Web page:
So why does this make me proud? Would I not be as proud of him if he were a garbage collector? I had a nice conversation last week with one of the teachers at the high school. We were talking about how, when we graduated in the 1980s, college was a natural assumption and expectation. But now she's starting to re-think that, mostly because her own son ended up dropping out of college for a "blue collar" job - and is wildly happy. She had not realized the pressure he was under until he finally admitted it to his parents and they immediately gave him their blessing to quit school. Sure, a college degree can open doors for a person, but we need to be changing our viewpoint on this. Kids are graduating with staggering amounts of student loan debt. Some employers are preferring to hire young people without degrees because the ones with them demand a higher salary - mostly so they can pay off the loans. It's not uncommon for college graduates to move back home after graduation because they are unable to afford the debt load and a place of their own. Meanwhile, the news (at least on W"HO radio that I listen to) is talking more and more about the shortage of skilled workers.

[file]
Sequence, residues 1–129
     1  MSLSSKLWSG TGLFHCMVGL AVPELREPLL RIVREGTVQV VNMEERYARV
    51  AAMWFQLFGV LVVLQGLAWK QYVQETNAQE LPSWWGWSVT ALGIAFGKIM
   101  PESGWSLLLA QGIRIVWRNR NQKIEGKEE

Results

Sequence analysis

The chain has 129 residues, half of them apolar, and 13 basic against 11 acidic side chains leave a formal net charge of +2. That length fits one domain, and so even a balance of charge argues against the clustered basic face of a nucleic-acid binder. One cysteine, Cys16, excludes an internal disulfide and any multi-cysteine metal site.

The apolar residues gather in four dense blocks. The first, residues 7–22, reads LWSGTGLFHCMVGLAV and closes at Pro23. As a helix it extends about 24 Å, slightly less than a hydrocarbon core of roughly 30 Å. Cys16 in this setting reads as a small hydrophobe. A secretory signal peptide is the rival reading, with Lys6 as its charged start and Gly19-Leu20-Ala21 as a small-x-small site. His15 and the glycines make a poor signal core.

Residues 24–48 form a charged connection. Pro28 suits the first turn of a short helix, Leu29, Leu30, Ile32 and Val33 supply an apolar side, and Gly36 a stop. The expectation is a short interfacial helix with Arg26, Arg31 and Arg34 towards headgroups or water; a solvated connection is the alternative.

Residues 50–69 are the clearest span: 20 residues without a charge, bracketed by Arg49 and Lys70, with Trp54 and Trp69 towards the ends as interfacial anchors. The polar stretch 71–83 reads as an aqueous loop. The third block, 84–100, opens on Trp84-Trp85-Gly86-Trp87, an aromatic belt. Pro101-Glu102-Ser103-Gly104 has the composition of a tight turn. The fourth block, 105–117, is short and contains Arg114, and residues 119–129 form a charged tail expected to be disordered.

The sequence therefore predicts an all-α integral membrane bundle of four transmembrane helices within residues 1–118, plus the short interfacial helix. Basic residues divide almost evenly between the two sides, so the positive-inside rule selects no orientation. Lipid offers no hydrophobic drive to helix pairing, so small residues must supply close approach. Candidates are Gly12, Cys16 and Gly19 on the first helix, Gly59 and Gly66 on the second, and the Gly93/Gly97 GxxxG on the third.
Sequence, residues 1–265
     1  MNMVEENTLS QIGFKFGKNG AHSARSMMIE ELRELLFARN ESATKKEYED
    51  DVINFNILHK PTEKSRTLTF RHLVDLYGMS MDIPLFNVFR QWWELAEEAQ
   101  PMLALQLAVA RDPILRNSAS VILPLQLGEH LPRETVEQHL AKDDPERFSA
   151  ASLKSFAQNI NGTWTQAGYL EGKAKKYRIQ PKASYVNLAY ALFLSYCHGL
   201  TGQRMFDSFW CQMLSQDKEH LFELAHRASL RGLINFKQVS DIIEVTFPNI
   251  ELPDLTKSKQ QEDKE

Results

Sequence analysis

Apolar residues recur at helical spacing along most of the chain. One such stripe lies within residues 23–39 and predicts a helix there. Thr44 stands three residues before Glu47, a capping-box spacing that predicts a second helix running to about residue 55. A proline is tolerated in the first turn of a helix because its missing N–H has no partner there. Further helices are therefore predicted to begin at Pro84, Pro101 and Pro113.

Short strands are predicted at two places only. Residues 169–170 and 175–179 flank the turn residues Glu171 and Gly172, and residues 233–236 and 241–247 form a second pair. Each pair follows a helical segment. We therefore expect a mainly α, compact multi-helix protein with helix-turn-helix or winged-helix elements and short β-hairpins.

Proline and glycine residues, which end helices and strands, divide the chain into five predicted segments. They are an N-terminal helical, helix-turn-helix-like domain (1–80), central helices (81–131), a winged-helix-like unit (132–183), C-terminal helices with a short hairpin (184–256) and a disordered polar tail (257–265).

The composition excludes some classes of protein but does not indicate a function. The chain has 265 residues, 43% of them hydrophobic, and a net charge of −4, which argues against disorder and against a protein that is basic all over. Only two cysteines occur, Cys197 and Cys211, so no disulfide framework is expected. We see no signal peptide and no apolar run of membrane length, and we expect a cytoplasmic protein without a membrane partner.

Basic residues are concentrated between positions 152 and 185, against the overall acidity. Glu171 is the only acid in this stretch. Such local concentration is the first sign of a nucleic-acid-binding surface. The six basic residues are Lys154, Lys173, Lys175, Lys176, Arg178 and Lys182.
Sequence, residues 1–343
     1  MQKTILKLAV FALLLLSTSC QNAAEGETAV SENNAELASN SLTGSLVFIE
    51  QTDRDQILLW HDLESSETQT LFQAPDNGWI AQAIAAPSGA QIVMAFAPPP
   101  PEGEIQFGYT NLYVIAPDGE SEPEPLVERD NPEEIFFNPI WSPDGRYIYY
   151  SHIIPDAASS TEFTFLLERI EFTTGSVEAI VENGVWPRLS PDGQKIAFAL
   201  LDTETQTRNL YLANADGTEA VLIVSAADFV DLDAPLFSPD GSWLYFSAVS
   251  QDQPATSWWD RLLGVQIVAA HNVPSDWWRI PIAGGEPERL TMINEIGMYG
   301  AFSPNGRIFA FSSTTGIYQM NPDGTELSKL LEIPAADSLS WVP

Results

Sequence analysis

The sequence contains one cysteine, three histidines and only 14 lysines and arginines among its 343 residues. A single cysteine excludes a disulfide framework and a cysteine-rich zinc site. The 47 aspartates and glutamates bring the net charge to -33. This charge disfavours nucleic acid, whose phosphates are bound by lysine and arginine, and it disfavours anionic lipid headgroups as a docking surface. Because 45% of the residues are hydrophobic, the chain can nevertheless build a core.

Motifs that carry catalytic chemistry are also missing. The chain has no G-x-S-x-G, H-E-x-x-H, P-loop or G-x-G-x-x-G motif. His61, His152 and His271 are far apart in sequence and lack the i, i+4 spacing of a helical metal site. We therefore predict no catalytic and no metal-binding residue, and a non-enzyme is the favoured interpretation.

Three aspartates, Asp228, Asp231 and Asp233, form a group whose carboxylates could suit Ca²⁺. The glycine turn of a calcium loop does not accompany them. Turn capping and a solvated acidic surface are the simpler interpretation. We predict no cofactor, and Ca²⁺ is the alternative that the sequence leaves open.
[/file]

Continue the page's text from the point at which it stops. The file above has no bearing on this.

I was talking to Will about this later and he said he's already thought about how he'll counsel his eventual high school students. He's going to tell them that if there is something they desire to do that requires a college degree - then go for it. But if they're not sure, he's going to encourage them to consider community college or trade school while they get an idea of what they might like to do. We need to get away from this mindset that a person's worth is determined by the letters after their name.

But, just the same, I'm awfully proud of Will. But I'm also proud of Ben - who works at a grocery store. They are both working to the best of their ability. And maybe that's where the focus needs to be - helping students figure out what that "best" will look like for them, personally, and not try to shape them into what we think Best ought to look like.